Qualified volunteers happy to help with your taxes

Tax Day comes in less that two weeks, and if you haven’t filed yet because you’re feeling lost or overwhelmed, you still have time to get some free help and support from local volunteers.

For two more weekends, Joyce Kaaland and her fellow volunteers will be at the Port Orchard Library to help people file their tax returns. Their assistance is provided through Tax-Aide, a program offered by the American Association for Retired Persons (AARP) and sponsored by the IRS.

“The biggest group we see are retirees,” Kaaland said, explaining that during each four-hour Saturday stint, she never knows how many people will come in.

“Last Saturday, we only had about eight people,” she said. “But the week before, we had a line, and probably helped close to 15 or 20.”

Kaaland said the volunteers cannot file more complicated returns for people owning businesses or rentals, but she does see a steady stream of elderly folks and people with low or medium incomes who want to save time or money.

To file the returns, Kaaland said the IRS provides the volunteers with laptop computers programmed with its filing software, allowing her to e-file the returns.

She said the laptops are not only updated each year with the current tax laws, but also “scrubbed” clean of all the information plugged into them last year. And although Kaaland assures each filer of that fact — and the fact that the information she inputs is not e-mailed to the IRS but downloaded directly to its computers — she said there are still some people who want to file the old-fashioned way.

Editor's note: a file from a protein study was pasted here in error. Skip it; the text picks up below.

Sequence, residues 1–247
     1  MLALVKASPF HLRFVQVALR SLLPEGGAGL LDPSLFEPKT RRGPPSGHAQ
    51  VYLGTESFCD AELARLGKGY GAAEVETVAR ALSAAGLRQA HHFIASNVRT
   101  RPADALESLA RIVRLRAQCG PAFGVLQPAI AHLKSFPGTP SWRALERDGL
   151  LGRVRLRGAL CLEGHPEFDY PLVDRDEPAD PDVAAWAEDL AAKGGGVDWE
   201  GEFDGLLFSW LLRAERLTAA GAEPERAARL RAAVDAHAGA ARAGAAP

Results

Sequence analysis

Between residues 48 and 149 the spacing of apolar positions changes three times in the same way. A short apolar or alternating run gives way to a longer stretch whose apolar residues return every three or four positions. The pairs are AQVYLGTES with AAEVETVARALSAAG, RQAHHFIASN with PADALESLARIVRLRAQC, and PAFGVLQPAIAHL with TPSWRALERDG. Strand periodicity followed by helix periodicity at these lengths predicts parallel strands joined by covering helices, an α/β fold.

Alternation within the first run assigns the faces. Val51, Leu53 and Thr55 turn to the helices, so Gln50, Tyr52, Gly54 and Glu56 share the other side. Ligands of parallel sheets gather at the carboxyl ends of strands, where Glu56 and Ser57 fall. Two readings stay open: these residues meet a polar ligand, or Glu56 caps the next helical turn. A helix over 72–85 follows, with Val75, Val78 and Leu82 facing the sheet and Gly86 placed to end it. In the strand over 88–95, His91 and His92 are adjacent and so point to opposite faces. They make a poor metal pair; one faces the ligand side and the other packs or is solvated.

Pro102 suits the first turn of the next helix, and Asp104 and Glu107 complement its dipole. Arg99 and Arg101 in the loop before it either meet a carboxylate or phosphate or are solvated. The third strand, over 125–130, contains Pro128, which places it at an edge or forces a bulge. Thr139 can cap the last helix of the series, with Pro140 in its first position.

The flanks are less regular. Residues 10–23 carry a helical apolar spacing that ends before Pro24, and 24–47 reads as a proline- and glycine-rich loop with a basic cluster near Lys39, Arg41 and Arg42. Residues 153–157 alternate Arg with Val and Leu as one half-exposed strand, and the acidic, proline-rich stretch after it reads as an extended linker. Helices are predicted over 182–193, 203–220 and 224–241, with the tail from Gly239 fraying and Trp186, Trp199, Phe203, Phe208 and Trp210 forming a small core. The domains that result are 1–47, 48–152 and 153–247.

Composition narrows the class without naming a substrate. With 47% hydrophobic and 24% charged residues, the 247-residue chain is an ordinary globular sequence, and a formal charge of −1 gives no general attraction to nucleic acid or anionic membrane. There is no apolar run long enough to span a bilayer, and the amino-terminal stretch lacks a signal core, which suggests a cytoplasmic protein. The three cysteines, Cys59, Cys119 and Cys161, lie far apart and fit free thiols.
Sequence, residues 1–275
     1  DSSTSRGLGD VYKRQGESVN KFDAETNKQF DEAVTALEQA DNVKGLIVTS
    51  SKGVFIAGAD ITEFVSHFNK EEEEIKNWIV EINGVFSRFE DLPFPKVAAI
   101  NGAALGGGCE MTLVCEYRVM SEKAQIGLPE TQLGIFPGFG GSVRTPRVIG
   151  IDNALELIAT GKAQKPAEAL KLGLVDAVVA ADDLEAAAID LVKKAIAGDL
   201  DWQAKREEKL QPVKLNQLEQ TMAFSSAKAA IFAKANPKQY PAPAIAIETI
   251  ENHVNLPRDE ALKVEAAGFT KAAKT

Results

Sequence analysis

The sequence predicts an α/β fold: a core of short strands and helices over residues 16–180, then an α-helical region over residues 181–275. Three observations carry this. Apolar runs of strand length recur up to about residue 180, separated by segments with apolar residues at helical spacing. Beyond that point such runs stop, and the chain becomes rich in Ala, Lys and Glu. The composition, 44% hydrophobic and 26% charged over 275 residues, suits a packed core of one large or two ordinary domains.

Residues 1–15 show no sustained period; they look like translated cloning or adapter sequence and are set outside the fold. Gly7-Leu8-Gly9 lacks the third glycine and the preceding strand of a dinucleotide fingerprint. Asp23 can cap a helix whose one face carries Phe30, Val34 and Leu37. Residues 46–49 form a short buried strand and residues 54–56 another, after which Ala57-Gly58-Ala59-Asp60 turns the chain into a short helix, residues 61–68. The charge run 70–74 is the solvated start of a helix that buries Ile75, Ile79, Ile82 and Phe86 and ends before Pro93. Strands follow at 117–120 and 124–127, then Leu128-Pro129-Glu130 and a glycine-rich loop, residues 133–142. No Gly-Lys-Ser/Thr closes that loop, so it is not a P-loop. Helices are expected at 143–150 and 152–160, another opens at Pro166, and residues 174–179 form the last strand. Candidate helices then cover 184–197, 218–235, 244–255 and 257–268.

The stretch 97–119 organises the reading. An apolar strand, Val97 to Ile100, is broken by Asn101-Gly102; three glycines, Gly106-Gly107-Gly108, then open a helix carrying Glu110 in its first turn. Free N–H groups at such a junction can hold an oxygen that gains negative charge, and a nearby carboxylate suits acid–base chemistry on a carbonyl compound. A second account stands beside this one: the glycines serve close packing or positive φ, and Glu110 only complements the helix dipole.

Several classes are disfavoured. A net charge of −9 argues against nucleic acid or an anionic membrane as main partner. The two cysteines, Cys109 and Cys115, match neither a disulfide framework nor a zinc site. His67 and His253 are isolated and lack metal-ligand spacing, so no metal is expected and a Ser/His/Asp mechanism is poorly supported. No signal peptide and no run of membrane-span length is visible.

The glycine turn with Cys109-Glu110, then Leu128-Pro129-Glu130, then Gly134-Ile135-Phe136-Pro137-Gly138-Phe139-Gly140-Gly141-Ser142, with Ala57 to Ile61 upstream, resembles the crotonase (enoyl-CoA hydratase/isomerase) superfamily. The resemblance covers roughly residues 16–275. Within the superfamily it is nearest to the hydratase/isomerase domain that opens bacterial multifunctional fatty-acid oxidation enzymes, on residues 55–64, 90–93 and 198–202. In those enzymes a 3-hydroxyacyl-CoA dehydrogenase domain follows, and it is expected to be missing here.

“For those, we do have one volunteer who will fill out their returns on paper,” she said.

Kaaland said this is her fifth year volunteering, while her husband, Mike, who coordinates the local program, has been volunteering for 11 years.

To stay certified, they attend a class each year at Olympic College.

Both the Kaalands are retired, and Joyce said the volunteering was a way for them to spend time together, but also to help others.

“We have the ability and the desire, and we feel it’s a necessary service,” she said, explaining that she and her husband also visit elderly shut-ins and help them file as well. “I enjoy doing it, and I have the patience to do it.”

Kaaland said she takes special care to help filers, whether by asking lots of questions they might not have thought of, or by warning them of penalties they may forget about.

“Some of them, especially the older ones, their memories might not be so sharp,” she said.

For this personal touch, Kaaland said filers often insist on paying her something, but she said she cannot accept payment of any kind, and suggests donations to charity instead.

However, she said she has been known to accept cookies or other baked goods.

“But I tell them I have to leave them on the table for everyone to enjoy,” she said.

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